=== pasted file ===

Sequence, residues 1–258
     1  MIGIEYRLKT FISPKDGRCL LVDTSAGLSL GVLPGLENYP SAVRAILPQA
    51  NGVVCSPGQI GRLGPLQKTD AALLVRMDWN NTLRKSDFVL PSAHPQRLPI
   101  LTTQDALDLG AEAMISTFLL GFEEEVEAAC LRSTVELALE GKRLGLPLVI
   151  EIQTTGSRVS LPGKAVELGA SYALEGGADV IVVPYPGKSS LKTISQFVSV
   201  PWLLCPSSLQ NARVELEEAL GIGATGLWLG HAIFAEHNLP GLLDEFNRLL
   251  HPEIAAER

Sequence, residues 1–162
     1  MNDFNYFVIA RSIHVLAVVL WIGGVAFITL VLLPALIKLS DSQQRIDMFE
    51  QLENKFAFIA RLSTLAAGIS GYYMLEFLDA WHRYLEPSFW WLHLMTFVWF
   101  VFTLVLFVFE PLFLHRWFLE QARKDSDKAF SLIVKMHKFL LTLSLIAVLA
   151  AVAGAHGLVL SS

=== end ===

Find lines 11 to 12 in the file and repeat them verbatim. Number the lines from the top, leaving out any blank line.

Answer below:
   101  VFTLVLFVFE PLFLHRWFLE QARKDSDKAF SLIVKMHKFL LTLSLIAVLA
   151  AVAGAHGLVL SS